From this, the press-release then makes the leap to a purported looming puppy shortage, the terrible dangers of importing rescue dogs from ‘foreign’ sources, the dangers of eliminating ‘rather than improving’ American breeders, and the recommendation to legally regulate shelters and rescues like ‘other animal dealers.’

    All in all … this looks like a study designed to provide some nifty charts to provide an excuse for some press-releases. Basically, it’s like a pair of tighty-whiteys run up a flagpole.

  4. The main problems I have with the study:

    1. The decision to accept the shelters’ identification of purebreds *except when there is no photo provided* and the failure to disclose that. It strikes me as dishonest. I really try to keep an open mind when looking at ANY shelter study since there are so few and the data is so desperately needed but once something occupies that “dishonest” spot in the back of my mind, it’s hard to let that go.

    2. The sample size is small, the selection is based on census regions and some of the shelters are not open admission – in fact, some of them aren’t even shelters (Saving Grace in AL for example has no physical facility but uses a network of fosters according to the website.) Again, this should have been disclosed up front IMO because it affects the data and the context in which it must be considered.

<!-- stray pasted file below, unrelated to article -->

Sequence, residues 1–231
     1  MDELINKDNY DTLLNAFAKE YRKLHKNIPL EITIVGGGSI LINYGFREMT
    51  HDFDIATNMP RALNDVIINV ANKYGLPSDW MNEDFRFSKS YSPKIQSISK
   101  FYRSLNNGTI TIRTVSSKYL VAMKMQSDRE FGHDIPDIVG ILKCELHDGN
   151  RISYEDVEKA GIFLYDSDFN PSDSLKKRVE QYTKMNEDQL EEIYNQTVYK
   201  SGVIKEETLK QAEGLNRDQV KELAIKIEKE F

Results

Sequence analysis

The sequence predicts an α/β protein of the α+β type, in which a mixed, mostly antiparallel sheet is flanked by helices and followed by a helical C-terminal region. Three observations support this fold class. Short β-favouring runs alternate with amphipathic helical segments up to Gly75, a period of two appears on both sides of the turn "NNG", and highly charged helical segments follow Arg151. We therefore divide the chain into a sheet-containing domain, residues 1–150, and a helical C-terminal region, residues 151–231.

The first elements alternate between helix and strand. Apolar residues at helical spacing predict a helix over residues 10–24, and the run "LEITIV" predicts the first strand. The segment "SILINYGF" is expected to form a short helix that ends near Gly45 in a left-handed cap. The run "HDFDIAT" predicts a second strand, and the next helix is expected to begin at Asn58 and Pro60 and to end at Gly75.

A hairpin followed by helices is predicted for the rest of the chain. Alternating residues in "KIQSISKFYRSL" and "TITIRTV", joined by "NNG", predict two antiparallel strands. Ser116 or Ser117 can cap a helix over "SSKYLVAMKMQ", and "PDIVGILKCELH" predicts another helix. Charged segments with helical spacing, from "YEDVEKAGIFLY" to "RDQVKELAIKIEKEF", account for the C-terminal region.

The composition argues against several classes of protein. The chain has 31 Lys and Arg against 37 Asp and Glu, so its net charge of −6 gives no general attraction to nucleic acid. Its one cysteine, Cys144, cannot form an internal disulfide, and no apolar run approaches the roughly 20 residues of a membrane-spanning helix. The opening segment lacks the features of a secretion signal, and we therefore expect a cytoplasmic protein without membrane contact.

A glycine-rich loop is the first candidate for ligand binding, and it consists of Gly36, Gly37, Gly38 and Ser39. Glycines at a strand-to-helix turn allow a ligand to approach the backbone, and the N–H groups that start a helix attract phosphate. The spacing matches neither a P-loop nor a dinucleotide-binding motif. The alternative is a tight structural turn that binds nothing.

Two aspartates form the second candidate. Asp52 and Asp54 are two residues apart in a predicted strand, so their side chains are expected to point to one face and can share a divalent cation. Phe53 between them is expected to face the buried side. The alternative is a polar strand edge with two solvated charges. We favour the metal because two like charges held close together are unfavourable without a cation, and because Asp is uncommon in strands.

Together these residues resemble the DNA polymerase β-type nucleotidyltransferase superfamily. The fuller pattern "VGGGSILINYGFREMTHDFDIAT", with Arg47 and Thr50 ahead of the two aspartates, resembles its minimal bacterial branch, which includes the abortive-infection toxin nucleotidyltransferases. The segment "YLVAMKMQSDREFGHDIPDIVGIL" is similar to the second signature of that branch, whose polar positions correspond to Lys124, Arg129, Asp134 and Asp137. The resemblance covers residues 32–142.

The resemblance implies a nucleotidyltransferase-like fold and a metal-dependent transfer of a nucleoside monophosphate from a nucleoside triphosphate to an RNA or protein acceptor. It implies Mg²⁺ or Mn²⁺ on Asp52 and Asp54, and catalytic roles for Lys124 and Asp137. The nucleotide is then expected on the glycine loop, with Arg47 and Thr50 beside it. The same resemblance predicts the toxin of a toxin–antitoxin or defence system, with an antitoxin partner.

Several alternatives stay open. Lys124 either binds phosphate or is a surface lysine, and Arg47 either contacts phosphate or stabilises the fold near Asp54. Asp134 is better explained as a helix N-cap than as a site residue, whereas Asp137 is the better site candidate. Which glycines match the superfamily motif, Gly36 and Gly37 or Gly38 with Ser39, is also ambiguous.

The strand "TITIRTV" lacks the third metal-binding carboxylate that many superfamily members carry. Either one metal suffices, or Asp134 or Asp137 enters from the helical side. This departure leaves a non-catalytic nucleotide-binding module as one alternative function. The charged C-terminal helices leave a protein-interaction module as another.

3. The press release seems almost unrelated to the study – at least that’s how it came across to me. The PR left me with the impression that the study was just a thing being used to prop up the group’s demands which weren’t particularly related to the number of purebreds in shelters.

    In the end I was disappointed because as I said, shelter studies are rare and the information is very much needed. But I wanted to share it here to at least let people know it’s available for review. Everyone can make up their own minds on the value of it.

  5. Regardless of the agenda behind the “study”….

    I don’t completely agree with 1. I don’t want to see a complete ban on importation for rescue. But I’d like to see stricter regulation in force. The regulations for importation for dealers is stricter, and I see zero reason why rescues can’t be expected to meet those same requirements. If you’re going to spend the funds to import do so in a way thats safe.